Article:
• Done for laughs at the end of Baseketball. Coop ends up with his love interest Jenna, and Squeak embraces the possible trans person he has been sharing looks with. Remer on the other hand looks despondent until he meets gazes with Yvette, a character he has had no interaction with throughout the movie. They immediately begin making out.
  • Every character in Bridesmaids ends up in a relationship or is in one from the beginning: Helen, Becca, and Rita are all married. Lillian gets married to Doug, Annie ends up with Rhodes, and the happily-single Megan is revealed to have hooked up with the Air Marshal, with whom she shared a single (admittedly flirty) scene, and he accompanies her to the wedding. Even Annie's divorced mom is heavily implied to hook up with the guy from roadside assistance at the very end.
  • Towards the end of the Harry Potter movie franchise, Harry gets together with Ginny. Other thirds of the Golden Trio Ron and Hermione are paired as well. The eighth movie also includes a scene which implies Neville and Luna are developing a romance. It all ends with a 19 Years Later epilogue, in which both main couples are given children, as well as Draco and his wife.
  • In High School Musical 3, all of the main cast is paired except for Ryan, who is Ambiguously Gay, and Kelsi, who has been the source of a heated debate over whether or not Disney also put a lesbian in the film. So, naturally, Disney covers their butts from the many people who would have objected to having homosexual characters in a Disney film by pairing them up.
  • In the musical Seven Brides for Seven Brothers, this is the premise from the beginning; six of the titular brothers, unhappy that the oldest of them is wed, kidnap six girls they like from the nearby town and try to Stockholm-seduce them over the winter.

  • In The Belgariad, the Purpose absolutely loves pairing people off, and thus most of the heroes end up in relationships by the end.
  • Orson Scott Card:
  • Agatha Christie enjoys pairing her characters, even when her stories rarely focus on romance, and several of her novels end with all the remaining, innocent suspects getting paired off with each other.
    • The Hercule Poirot novel, Appointment with Death mostly focuses on the family drama among the Boynton family, particularly between the tyrannical Mrs. Boynton and her four children. By the end of the book, all four children are Happily Married, even though Carol and Ginevra had no romantic subplot prior to the epilogue.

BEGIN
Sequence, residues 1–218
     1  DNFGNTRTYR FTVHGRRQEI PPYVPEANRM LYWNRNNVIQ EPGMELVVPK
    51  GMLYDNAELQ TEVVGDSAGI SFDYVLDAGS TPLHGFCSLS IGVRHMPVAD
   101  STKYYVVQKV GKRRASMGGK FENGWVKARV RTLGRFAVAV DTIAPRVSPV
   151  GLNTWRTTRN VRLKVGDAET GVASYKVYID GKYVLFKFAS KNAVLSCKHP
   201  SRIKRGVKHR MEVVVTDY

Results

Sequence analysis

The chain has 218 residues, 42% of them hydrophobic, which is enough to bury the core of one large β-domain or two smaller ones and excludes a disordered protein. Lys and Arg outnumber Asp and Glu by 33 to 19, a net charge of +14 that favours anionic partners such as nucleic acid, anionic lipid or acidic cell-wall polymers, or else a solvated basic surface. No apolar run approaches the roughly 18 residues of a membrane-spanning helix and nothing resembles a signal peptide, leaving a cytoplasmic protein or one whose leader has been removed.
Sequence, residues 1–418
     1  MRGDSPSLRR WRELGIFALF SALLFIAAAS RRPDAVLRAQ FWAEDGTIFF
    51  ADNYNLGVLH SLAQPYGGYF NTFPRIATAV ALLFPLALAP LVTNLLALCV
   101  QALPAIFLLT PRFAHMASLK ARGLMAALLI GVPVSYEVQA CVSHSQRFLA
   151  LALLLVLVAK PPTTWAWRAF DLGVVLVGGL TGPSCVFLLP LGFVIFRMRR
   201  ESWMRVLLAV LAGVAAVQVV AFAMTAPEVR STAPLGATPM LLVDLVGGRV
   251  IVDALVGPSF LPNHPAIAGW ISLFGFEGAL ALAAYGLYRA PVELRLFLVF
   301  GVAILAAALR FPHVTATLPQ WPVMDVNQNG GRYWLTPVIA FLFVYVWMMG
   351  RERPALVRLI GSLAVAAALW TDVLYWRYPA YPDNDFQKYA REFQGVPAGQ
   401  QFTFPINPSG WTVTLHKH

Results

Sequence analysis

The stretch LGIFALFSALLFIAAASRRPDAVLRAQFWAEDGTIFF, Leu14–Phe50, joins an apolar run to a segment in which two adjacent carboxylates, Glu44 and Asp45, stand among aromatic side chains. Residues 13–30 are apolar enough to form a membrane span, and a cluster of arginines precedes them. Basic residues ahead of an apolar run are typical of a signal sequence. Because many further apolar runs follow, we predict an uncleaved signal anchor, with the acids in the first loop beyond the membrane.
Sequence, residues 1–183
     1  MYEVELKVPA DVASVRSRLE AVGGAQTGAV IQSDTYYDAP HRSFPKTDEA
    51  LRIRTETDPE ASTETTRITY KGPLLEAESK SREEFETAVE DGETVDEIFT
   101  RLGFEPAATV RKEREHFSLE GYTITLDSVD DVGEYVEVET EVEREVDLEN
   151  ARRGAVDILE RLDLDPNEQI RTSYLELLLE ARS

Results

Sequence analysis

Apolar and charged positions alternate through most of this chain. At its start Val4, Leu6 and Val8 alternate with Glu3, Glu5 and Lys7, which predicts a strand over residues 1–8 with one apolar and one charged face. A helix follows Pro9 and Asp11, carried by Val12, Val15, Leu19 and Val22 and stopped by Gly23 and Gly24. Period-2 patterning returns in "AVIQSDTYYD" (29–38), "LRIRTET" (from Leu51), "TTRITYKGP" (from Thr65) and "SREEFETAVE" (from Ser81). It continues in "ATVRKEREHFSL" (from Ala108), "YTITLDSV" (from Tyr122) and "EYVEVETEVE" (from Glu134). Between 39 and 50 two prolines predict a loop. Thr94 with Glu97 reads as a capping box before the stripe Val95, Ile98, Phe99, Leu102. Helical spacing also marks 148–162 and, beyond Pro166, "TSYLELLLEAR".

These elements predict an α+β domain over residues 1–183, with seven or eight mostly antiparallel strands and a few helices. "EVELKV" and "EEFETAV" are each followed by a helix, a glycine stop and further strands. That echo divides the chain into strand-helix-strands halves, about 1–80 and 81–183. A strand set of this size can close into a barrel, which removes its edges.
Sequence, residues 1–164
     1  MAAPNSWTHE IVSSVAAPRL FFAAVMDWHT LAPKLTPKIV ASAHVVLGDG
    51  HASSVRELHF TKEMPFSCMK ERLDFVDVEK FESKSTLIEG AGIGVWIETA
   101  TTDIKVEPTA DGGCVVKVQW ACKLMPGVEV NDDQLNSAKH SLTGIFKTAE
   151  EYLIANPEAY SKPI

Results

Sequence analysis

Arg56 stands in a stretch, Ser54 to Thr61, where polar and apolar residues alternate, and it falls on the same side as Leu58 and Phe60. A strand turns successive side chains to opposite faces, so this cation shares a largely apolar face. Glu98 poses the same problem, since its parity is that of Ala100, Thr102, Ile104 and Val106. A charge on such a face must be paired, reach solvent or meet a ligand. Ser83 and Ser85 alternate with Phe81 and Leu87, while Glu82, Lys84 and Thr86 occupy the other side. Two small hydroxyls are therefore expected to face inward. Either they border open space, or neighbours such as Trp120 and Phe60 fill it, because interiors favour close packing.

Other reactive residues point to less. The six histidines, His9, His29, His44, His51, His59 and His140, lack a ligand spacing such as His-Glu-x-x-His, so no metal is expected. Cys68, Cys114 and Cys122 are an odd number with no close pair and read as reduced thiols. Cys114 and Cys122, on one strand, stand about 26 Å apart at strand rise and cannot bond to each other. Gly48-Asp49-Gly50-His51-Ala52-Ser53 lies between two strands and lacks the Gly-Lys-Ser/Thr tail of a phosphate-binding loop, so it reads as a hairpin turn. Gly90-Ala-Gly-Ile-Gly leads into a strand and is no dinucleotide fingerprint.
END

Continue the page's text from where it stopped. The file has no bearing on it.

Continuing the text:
• Towards Zero features a cast dealing with All Love Is Unrequited: with Ted Latrimer being in love with Kay, who is married to Nevile Strange, who is still in love with his ex-wife Audrey, who is also pursued by Thomas Royd. Once Nevile is revealed to be the murderer, it is implied that the unrequited love would be resolved with Ted being free to pursue Kay, Audrey marrying Angus MacWhirter, and Audrey herself asserting that Thomas would eventually get over her and end up with Mary Aldin.
  • The “19 Years Later” epilogue to Harry Potter pairs up almost everyone. Harry is married to Ginny with three children, while Ron and Hermione are married with two children. Draco Malfoy is also married and has a son. And in the younger generation, Lupin and Tonks’ son Teddy is paired up with Bill and Fleur’s daughter Victoire.
    • Soon after the book’s release, J. K. Rowling released more details online: Draco’s wife is Asteria (or Astoria) Greengrass; Neville is married to Hannah Abbott, while Luna is married to Rolf Scamander (grandson of author Newt Scamander) with two sons; Percy is married to someone named Audrey, while George is married to Angelina Johnson with a son named Fred. The only character who definitely remains single is Ron’s brother Charlie.
    • The unlikely pairing of Remus Lupin and Nymphadora Tonks for their happy ending in the previous book also fits this trope somewhat.
  • Everyone in The Infernal Devices, gets a fairytale romance at the age of sixteen. Sophie is paired up with Gideon after deciding she didn't really love Jem anyway, and almost from the moment she is introduced Cecily is paired off with his conveniently single brother. Meanwhile, only single characters are killed off (Jessamine, Thomas).
  • In Percy Jackson and the Olympians, only Official Couple Percy/Annabeth gets any focus, with a couple minor side pairings like Grover/Juniper and Clarisse/Chris that are few and far between. Come the sequel series The Heroes of Olympus, and suddenly romance plays an important role in the plotlines of every single major character, and Percy/Annabeth is joined by Jason/Piper, Hazel/Frank, Leo/Calypso, and Nico/Will Solace. The only main character who doesn't end up with anyone is Reyna, who plays the Romantic Runner-Up.
  • Tara Duncan is a particularly triumphant example, as the huge cast all end up paired with somebody even if they never interacted before. It include Sparrow and Fabrice, Fafnir and Sylver, Mara and Archangel, Chem and Charm, Lisbeth and Various, Betty and a werewolf and later Jar, Jeremy and Sanhexia, just to name a few).
  • Lampshaded, but ultimately averted, in The Tomorrow Series. Ellie mentions in the first book how the eight of them are in three different romantic relationships: Lee and Ellie, Kevin and Corrie and Homer and Fi, and then goes on to comment that it was too bad there wasn't any chance of Robyn and Chris getting together ("then we really could have had Perfect Partners").
  • Romance and marriage is seen as very important in The Twilight Saga. As a result, pretty much every character in the story (except Leah) gets a Love Interest. Even the baby gets a betrothed in the form of her mom's ex!

    Live-Action TV